Indeed, ironically, the ministry complaints constituted a solid endorsement of the system, resulting in an additional 1,000 or so new CryptTalk users at the time, says Szabolcs Kun, chief strategy officer (and with Megyeri, co-founder) of Arenim Technologies.
(Kun stresses that if any national security authority presents evidence of criminal misuse of CryptTalk, the company will terminate its contract with the individuals concerned. Thus far, no such authority has ever appeared with any such evidence.)
The genesis for CryptTalk began in 2008, when Kun was working on a telecommunications project where a large international customer wanted a service to encrypt phone calls. Kun had the prototype ready in about 12 months, but it took until 2014 to finalize the concept and launch CryptTalk for Apple iPhone devices, initially only focusing on Hungary.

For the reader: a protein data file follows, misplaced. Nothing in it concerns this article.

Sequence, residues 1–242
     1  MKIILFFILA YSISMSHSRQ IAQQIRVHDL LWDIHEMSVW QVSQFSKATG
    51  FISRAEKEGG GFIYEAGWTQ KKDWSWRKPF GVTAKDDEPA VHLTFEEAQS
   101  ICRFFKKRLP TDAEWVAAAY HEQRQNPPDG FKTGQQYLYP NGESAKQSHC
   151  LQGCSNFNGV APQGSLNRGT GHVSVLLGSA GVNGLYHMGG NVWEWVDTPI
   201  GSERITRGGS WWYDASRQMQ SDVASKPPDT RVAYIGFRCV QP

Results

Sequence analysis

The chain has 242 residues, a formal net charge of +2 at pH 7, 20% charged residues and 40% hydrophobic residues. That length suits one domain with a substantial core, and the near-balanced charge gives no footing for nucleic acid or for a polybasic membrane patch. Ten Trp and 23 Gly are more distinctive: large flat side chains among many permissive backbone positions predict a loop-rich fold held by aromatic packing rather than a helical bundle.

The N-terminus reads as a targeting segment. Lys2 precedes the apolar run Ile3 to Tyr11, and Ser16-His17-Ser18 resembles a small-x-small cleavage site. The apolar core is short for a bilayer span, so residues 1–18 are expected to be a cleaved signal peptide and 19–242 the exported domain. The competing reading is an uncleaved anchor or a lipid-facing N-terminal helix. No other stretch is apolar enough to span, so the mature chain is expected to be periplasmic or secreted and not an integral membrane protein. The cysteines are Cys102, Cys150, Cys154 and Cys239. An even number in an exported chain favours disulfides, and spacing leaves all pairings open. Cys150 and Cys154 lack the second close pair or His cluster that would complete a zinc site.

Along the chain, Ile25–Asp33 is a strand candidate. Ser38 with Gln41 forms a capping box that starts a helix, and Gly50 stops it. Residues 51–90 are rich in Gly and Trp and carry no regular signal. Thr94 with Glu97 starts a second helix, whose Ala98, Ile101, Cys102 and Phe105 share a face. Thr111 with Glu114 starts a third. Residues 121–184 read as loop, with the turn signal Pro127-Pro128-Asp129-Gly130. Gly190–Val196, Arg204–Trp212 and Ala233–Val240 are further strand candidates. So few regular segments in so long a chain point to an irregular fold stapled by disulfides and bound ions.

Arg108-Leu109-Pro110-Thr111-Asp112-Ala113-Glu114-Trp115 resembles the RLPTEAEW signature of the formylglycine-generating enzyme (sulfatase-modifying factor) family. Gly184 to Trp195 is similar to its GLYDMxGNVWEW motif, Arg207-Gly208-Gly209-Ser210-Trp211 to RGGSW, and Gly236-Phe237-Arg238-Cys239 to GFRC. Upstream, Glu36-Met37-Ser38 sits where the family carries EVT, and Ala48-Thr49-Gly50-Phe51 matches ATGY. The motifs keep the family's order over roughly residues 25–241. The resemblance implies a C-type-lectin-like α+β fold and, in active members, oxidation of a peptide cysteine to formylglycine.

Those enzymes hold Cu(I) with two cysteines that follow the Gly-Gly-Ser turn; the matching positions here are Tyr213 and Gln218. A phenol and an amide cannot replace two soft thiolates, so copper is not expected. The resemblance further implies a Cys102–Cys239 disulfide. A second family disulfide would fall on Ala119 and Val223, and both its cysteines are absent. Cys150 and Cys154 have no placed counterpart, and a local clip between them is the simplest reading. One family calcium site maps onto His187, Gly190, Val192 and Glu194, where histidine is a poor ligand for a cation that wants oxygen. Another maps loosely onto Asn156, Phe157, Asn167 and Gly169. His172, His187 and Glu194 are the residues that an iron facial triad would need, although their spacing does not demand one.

Meanwhile, Kun and Megyeri had teamed up, founding Arenim Technologies Kft. to develop telecom software for call centers and private branch exchange solutions. (Arenim Technologies AB is registered in Sweden, chosen for that country’s legal system, with its emphasis on privacy protection.)
But despite their best efforts, remarkably affordable pricing (the cheapest individual package is a mere USD 10 per month), glowing user recommendations and high praise in two security audits by NCC, the U.K.-based Cyber Assurance consultancy, winning clients has proved agonizingly difficult and time consuming.